The in‐situ state of stress was investigated using the hydro‐fracturing technique in a cored borehole in granite at North Conway, New Hampshire, USA. A total of 21 successful tests were made in fracture‐free intervals to a depth of 579 m. Of the 18 tests in which oriented impressions were taken of induced fractures, 16 were found to be sub‐horizontal. Laboratory and finite element simulations show that these fractures could not have been a result of stresses induced by the packer system. Although a conventional analysis in which the borehole wall is assumed to be a smooth continuum would not admit the possibility of horizontal fracturing, we present a simple analysis, based on the experimental result of Jaeger (1963) and the theoretical work of Haimson (1968), that shows that if the fluid intrudes micro‐cracks in the borehole wall, horizontal fractures can be initiated where the least horizontal stress is only modestly greater than the vertical stress. For rocks of microdarcy permeability the wellbore pressure must be raised to breakdown levels in less than ten seconds if the effect is to be suppressed. The shut‐in pressures provided an unusual opportunity to measure the vertical stresses. The results show that the vertical stress closely followed the calculated overburden to a depth of 400 m. Three measurements below 415 m, however, yielded vertical stresses which are distinctively sub‐lithostatic. Two vertical fractures indicated a N60d̀E orientation for the maximum horizontal stress.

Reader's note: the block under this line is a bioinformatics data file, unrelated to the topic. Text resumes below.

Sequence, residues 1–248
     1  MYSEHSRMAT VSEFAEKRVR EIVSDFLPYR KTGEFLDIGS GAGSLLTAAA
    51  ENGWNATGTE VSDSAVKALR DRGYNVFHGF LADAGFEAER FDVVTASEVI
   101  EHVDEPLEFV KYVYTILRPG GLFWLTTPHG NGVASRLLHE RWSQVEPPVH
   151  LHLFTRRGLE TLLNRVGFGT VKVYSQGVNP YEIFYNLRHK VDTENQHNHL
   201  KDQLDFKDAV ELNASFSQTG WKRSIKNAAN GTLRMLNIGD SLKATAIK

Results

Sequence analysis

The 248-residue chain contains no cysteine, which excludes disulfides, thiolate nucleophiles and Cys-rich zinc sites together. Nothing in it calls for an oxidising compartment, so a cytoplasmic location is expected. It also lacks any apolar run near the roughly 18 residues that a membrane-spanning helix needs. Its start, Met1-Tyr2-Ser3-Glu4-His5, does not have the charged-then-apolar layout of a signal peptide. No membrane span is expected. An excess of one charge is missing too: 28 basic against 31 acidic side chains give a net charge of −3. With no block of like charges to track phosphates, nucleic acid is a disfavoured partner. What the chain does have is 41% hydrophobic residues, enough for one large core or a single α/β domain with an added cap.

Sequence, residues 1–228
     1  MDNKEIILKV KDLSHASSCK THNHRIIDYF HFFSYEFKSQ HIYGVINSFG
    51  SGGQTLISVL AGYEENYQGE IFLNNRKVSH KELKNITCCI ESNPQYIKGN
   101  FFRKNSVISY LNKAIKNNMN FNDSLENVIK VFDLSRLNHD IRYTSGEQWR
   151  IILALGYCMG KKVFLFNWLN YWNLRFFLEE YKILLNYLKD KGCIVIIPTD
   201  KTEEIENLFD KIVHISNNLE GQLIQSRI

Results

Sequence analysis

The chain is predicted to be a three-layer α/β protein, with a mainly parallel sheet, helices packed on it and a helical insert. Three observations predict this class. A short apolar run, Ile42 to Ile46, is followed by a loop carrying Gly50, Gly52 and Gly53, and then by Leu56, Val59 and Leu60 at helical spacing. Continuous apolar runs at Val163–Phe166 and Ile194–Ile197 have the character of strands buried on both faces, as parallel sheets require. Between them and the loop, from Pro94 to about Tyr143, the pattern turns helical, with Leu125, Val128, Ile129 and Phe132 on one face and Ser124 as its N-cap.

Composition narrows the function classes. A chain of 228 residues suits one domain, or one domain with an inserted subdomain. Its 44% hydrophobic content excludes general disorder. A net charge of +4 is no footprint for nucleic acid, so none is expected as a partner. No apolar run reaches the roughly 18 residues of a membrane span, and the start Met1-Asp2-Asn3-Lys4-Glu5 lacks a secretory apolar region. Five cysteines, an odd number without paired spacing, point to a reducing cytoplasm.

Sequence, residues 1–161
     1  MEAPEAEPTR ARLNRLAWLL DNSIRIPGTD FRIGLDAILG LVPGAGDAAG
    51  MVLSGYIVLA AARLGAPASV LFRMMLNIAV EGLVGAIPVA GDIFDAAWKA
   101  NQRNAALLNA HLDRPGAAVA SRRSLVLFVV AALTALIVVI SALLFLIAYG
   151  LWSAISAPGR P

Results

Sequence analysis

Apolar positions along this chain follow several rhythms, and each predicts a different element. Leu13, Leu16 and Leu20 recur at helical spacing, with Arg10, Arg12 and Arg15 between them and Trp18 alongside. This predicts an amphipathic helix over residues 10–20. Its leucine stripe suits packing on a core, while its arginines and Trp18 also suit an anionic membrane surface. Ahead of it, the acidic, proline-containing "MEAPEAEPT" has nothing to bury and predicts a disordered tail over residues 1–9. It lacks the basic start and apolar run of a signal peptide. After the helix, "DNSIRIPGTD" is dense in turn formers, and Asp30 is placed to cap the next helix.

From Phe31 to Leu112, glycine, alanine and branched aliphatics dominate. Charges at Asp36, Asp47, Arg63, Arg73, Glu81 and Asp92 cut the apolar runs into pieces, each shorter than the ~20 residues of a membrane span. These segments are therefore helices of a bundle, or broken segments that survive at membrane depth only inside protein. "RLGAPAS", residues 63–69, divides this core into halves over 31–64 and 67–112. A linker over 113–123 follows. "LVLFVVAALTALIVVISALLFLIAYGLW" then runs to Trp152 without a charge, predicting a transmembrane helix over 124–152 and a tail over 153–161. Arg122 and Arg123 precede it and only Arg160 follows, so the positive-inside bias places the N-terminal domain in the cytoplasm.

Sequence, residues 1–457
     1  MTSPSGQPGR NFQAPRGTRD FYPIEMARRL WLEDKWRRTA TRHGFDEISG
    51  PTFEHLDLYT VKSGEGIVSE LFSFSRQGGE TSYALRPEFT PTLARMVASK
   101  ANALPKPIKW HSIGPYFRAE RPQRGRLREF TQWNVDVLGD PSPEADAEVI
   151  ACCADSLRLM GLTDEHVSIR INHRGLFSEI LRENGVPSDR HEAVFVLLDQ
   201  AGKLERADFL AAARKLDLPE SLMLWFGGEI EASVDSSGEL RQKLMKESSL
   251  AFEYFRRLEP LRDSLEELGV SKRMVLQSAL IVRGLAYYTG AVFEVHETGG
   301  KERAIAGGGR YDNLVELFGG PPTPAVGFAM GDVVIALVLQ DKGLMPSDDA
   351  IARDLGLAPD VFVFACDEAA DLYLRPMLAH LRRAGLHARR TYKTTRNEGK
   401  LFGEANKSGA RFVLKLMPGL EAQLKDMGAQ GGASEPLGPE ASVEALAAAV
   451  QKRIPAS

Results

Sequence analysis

|Original language||English (US)|
|Number of pages||14|
|State||Published - May 1988|
All Science Journal Classification (ASJC) codes
- Geochemistry and Petrology